Sleepster
Apnea Board Moderator
www.ApneaBoard.com


INFORMATION ON APNEA BOARD FORUMS OR ON APNEABOARD.COM SHOULD NOT BE CONSIDERED AS MEDICAL ADVICE. ALWAYS SEEK THE ADVICE OF A PHYSICIAN BEFORE SEEKING TREATMENT FOR MEDICAL CONDITIONS, INCLUDING SLEEP APNEA. INFORMATION POSTED ON THE APNEA BOARD WEB SITE AND FORUMS ARE PERSONAL OPINION ONLY AND NOT NECESSARILY A STATEMENT OF FACT.
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#5
In a few days, it'll be my second anniversary of starting this whole xPAP journey. Aug 20th will be the second anniversary of actually getting a machine. And I think, now, that I've made up the sleep debt. Over the last few months I've started to find the even on weekends when I bury my alarm clock in the back yard, I'm waking up after nearly exactly 8 hours of sleep... every night. Its not just waking up at a routine time, ie, when my alarm would normally go off, because on weekends I tend to go to bed later, and sleep in a bit..but 7.5 to 8 hours later, I'm awake, even if I decide to just lay there. :-) Its something that I'd not been able to do for several years wake up, normally, feeling like there had actually been any point in sleeping.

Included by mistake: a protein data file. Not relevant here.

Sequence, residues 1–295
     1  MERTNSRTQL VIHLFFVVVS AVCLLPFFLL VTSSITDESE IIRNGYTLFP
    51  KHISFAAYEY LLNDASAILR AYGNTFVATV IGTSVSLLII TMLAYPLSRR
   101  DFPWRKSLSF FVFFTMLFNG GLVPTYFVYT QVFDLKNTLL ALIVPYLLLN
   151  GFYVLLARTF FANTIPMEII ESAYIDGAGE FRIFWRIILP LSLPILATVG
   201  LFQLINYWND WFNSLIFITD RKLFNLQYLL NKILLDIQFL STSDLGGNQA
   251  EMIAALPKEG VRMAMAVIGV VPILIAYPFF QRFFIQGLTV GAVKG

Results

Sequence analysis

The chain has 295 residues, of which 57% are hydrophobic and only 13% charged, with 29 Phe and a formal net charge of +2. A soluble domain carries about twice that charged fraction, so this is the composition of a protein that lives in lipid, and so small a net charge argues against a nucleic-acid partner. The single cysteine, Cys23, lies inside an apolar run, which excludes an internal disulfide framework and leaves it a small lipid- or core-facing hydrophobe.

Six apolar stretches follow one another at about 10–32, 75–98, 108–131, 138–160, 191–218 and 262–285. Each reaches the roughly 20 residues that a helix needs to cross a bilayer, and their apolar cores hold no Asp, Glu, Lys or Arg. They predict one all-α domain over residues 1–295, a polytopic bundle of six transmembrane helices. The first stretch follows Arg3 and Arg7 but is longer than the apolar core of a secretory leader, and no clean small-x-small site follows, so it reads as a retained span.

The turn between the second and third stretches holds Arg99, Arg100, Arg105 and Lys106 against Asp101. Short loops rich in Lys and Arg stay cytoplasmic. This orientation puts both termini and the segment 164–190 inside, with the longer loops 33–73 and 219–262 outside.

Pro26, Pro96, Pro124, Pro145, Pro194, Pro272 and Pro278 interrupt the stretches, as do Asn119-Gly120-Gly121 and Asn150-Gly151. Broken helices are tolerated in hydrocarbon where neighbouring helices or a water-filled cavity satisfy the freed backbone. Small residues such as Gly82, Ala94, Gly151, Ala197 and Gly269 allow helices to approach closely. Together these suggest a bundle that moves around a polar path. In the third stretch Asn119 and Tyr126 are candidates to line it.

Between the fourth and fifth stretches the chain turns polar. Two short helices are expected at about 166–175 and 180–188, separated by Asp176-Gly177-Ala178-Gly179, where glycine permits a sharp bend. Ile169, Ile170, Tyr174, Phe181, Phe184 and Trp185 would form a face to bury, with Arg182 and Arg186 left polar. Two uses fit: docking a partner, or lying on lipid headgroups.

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#6
After about 9 months of CPAP....my insomnia came back. So, one could say I had paid off my sleep debt at that point.

But, I sure don't feel like I have. There are times....weeks....where I'll crawl out of bed in the morning, go to work....and when I get home from work, its right back into bed until the next time I have to work. If I do eat anything...its usually peanut butter on raisin bread.

And, there's usually a crash while I'm at work...or a nap before I can attempt the trip home from work.